High & very high risk
Pracinostat is an oral histone deacetylase (HDAC) inhibitor being evaluated in a Phase 2 study in patients with high or very high-risk myelodysplastic syndrome (MDS).
In August 2016, Helsinn Group and MEI Pharma entered into an exclusive license, development and commercialization agreement for pracinostat. The agreement provides that Helsinn is primarily responsible for development and commercialization costs for pracinostat. Pracinostat is an investigational agent and is not approved for commercial use in the U.S. and any country worldwide.
MECHANISM OF ACTION
HDAC inhibitors belong to a larger set of proteins collectively known as epigenetic regulators that can alter gene expression by chemically modifying DNA or its associated chromosomal proteins. Abnormal activity of these regulators is believed to play an important role in cancer and other diseases.
Myelodysplastic Syndrome is a type of blood cancer in which the bone marrow does not make enough healthy blood. MDS is normally a disease of the elderly and sometimes may progress into AML, which is a more rapidly growing cancer.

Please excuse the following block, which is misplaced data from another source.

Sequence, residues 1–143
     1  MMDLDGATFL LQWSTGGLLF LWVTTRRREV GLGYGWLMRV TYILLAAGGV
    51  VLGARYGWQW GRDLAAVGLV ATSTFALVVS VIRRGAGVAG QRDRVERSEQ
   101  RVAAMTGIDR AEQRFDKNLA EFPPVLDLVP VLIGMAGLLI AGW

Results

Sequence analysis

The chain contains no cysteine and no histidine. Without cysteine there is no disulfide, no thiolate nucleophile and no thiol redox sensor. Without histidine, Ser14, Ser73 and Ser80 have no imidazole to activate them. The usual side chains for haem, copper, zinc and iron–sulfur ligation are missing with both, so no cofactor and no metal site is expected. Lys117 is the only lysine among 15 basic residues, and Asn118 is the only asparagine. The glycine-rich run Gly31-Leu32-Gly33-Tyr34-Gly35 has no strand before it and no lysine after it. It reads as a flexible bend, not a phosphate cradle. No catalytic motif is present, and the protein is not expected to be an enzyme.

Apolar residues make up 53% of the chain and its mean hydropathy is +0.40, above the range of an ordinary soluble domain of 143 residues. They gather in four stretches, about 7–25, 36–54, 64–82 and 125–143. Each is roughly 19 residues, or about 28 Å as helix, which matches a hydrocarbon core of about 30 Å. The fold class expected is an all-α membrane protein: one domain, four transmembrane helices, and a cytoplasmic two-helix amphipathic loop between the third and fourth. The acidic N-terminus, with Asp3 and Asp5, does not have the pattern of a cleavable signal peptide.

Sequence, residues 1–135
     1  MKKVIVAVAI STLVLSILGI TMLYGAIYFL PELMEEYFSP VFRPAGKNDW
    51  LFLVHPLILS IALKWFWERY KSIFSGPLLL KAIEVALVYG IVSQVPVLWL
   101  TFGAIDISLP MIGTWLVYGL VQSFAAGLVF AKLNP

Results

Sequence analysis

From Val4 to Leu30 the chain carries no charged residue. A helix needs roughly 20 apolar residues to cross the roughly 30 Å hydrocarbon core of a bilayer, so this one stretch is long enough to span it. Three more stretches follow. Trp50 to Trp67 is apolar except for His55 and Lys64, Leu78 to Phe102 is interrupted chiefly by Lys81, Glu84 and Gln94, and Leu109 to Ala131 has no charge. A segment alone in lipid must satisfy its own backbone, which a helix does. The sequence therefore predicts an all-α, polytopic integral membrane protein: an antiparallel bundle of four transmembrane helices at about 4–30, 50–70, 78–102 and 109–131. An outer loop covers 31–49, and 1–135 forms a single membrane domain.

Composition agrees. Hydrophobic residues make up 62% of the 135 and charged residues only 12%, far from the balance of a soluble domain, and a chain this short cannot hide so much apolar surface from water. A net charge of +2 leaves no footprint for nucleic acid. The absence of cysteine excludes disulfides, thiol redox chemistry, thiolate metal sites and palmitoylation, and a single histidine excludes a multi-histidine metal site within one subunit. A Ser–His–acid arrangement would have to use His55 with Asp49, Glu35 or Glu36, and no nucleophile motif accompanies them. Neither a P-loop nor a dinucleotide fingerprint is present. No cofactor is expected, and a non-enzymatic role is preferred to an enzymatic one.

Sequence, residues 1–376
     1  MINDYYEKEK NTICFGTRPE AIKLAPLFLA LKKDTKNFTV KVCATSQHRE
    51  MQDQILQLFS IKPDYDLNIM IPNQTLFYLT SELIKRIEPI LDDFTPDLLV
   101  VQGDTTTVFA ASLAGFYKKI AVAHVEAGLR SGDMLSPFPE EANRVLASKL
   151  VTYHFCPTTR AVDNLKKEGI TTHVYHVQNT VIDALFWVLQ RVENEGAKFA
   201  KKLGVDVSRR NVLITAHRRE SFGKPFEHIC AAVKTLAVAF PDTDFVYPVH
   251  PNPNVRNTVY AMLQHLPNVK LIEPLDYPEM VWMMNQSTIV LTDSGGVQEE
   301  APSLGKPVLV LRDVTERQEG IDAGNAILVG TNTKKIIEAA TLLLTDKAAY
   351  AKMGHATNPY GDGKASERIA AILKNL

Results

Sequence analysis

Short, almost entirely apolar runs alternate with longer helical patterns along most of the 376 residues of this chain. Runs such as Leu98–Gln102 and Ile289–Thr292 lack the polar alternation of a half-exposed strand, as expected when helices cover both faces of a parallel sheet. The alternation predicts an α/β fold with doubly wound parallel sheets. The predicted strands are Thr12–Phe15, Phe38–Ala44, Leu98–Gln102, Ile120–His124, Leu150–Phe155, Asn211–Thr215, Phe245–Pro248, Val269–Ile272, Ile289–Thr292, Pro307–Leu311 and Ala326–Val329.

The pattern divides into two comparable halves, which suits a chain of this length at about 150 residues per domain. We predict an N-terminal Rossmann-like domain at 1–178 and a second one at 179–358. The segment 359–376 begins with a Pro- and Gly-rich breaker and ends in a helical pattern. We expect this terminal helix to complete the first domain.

MDS CLINICAL PROGRAM
Pracinostat is being investigated in an open-label, Phase 2 dose optimization study evaluating 64 patients with high and very high-risk MDS who are previously untreated with hypomethylating agents. The Phase 2 open-label study is evaluating a 45mg dose of pracinostat in combination with the standard dose of azacitidine. Data from the Phase 2 study (n=64) presented as part of the American Society of Clinical Oncology 2020 Virtual Scientific Program in June 2020 demonstrated an estimated median overall survival (OS) rate of 23.5 months with a 1-year OS rate of 77%. The median follow-up was 17.6 months (range, 15.7–18.8) and the overall response rate (ORR) was 33% (21/64), all of which are complete responses (CR). The clinical benefit rate (CR, mCR plus hematologic improvement [HI], mCR with no HI, or HI with no mCR) was 77% (49/64). Twenty seven percent of patients (17/64) proceeded to a stem cell transplant while on study. Eleven percent of patients discontinued treatment because of adverse events. The most common grade ≥3 treatment emergent adverse events were hematologic, and included decreased neutrophil count (50%), anemia (39%), febrile neutropenia (34%), decreased platelet count (33%), thrombocytopenia (27%), and decreased white blood cell count (20%).